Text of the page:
Review: ‘Into the Woods’ strips down classic fairy tales at Emerson Colonial Theatre


Amanda Dee

An audience gathers to see “Into the Woods” at Emerson Colonial Theatre April 22. The show started with a limited engagement on Broadway, but its immense popularity prompted a tour, bringing the story to cities across the country.

Sarah Popeck, news staff

From March 21 through April 2, Boston opened the door into a world of fairytales as  the national tour of “Into the Woods” made its way to Emerson Colonial Theatre.

Adapted from a book by James Lapine and accompanied by music and lyrics from Stephen Sondheim, “Into the Woods” ties together multiple familiar stories and takes the audience through an exciting journey for love, family and adventure. The show has more of a stripped-down concert feel than the original as per the vision of director Lear deBessonet. The show started with a limited engagement on Broadway, but its immense popularity prompted a tour, bringing the story to cities across the country.

The start of the play finds a couple, portrayed by Stephanie J. Block and Sebastien Arcelus, struggling to have a child. 

Married in real life, the chemistry between Arcelus and Block is immaculate and their dynamic is perfectly enchanting. Block is no stranger to theatre — in fact, the Broadway veteran is stepping into a role she has dreamed of performing with her husband, as mentioned in the program. She won multiple awards for her portrayal of Cher in “The Cher Show” and had lead roles in “Falsettos,” “The Mystery of Edwin Drood,” “9 to 5” and “Wicked.” She has also been seen on screen in a multitude of television shows, such as “Rise” and “Madam Secretary.”

It is soon revealed that a witch has put a spell on the couple’s home, leaving them infertile. Montego Glover, a two-time Drama Desk Award winner who has been seen in “Memphis,” “Les Miserables” and “The Color Purple,” fills the shoes of the Witch with powerful vocals. 

The Witch tells the pair that there is one way to reverse the spell, and it takes four items…

First — the cow as white as milk. The couple runs into the familiar character Jack (Cole Thompson), of the classic fairy tale “Jack and the Beanstalk.” Jack trades his best friend, a cow, for a bag of magical beans that grow into a beanstalk that leads him to giants in the sky. Thompson made his Broadway debut with the show and has followed along with the production throughout the tour.

Next — the cape as red as blood. Little Red Riding Hood (Katy Geraghty) is threatened by a wolf (Gavin Creel, who also plays Cinderella’s Prince) as he tries to entice her to go astray from her path in the woods. Creel is known for his Tony Award-winning role in “Hello, Dolly!” but was also seen in “Hair” and “Thoroughly Modern Millie,” among other shows. He is also a prominent figure in London’s West End productions and has produced his own original recordings.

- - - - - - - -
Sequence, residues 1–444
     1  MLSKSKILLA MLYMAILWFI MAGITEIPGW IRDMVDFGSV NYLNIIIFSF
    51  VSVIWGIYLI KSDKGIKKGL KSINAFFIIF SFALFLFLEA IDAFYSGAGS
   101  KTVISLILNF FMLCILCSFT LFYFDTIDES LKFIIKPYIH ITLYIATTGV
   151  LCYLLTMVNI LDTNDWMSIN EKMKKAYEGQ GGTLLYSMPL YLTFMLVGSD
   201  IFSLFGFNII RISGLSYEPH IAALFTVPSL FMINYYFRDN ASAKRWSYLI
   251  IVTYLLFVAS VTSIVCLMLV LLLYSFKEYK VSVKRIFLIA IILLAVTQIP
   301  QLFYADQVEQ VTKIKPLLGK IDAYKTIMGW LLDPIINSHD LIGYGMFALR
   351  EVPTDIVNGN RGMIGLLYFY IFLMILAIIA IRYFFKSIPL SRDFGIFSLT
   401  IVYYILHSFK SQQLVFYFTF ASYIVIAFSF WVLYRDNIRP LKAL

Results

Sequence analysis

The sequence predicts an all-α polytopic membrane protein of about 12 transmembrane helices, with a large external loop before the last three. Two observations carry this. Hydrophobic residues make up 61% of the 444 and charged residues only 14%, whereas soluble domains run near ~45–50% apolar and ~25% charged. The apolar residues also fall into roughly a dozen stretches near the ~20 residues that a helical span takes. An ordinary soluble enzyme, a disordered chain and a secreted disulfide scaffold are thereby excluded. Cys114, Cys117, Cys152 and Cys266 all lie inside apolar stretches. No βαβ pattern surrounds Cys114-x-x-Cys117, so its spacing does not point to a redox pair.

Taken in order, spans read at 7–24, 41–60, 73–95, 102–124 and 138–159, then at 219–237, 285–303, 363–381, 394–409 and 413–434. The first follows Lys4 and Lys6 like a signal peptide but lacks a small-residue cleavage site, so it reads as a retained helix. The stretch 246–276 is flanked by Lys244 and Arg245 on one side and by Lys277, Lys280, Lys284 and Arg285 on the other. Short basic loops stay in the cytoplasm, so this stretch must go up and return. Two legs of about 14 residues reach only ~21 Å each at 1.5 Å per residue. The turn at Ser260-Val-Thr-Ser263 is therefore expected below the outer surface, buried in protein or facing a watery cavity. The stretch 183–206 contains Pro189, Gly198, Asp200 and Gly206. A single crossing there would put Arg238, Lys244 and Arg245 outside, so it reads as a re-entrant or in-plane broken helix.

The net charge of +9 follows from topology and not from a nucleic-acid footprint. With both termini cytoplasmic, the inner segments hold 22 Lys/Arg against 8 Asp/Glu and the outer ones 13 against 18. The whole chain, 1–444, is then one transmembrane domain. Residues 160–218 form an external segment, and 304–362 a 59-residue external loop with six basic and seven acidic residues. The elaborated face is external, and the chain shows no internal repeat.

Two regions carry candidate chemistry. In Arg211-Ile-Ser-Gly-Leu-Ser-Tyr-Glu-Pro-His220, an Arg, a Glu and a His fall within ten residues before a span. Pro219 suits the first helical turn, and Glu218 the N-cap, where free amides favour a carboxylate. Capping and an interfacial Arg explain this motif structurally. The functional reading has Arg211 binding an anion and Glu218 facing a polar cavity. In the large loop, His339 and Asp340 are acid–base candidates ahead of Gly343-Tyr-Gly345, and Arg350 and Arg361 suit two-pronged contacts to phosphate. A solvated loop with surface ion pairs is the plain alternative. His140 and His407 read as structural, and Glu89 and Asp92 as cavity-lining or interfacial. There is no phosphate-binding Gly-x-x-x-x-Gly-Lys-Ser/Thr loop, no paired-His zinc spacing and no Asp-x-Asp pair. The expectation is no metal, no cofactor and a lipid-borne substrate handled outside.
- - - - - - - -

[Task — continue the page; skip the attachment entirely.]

Third – the hair as yellow as corn, where Rapunzel (Alysia Velez) finds her place. Locked in a tower her entire life, she yearns to see the outside world, especially when she falls in love with a prince. 

Lastly – the slipper as pure as gold. Cinderella desperately wants to go to the festival, meeting the heir to the throne but lets her guard down and falls in love. At this performance, Ellie Fishman stepped into the role of Cinderella, who is typically played by Diane Phelan.

Yet, fairytales don’t always last and, sometimes, stories don’t have a happy ending. The characters face grief and death, and their stories end up being more intertwined than they thought.

“Into the Woods” is a familiar Broadway favorite, and this cast did not miss a beat. With minimalistic and elegant scenic design by David Rockwell, the audience is able to focus on the vocals and the stories. The costumes, created by Andrea Hood, are crafted to be simplistic with little variance for the characters to wear throughout both acts. Additionally, the set allows for an open stage where the audience can eagerly watch conductor John Bell and local musicians bring an incredible Sondheim score to life.

There are a handful of moments in which the theatrics are lacking, such as an underwhelming Cinderella dress transformation or the portrayal of giants by using wired boots and two cast members with sound effects. Some of the minimalistic elements had too much simplicity that made important scenes – including the defeat of the giants in the second act – feel lackluster. 

That said, the minimalism found in this staging does work on occasion, as it contrasts the fairytale themes in the show by subverting the audience’s expectations of what a magical world entails. From the modern take created by the designers, it communicates that there is more than what meets the eye.

Furthermore, it employs puppeteering, adding a new level of characterization to Jack’s cow, Milky White, handled by Kennedy Kanagawa, and the birds, handled by Josh Breckenridge. Personifying these animals allows the audience to sympathize with them in key moments of the show. The audience let out audible, distraught gasps when Jack had to sell Milky White. It adds a layer of depth that is unexpected, and they are an essential and unique part of the show that is exclusive to this production.

The cast added a new element to their common characters and brought a new perspective to the story through their portrayal that the audience would otherwise never see in their classic tales. Moreover, with a diverse set of actors, the show allows for new stars, like Thompson, to shine alongside well-known faces, such as Block. It promotes inclusivity in the theatre industry and is a fresh take on the classic.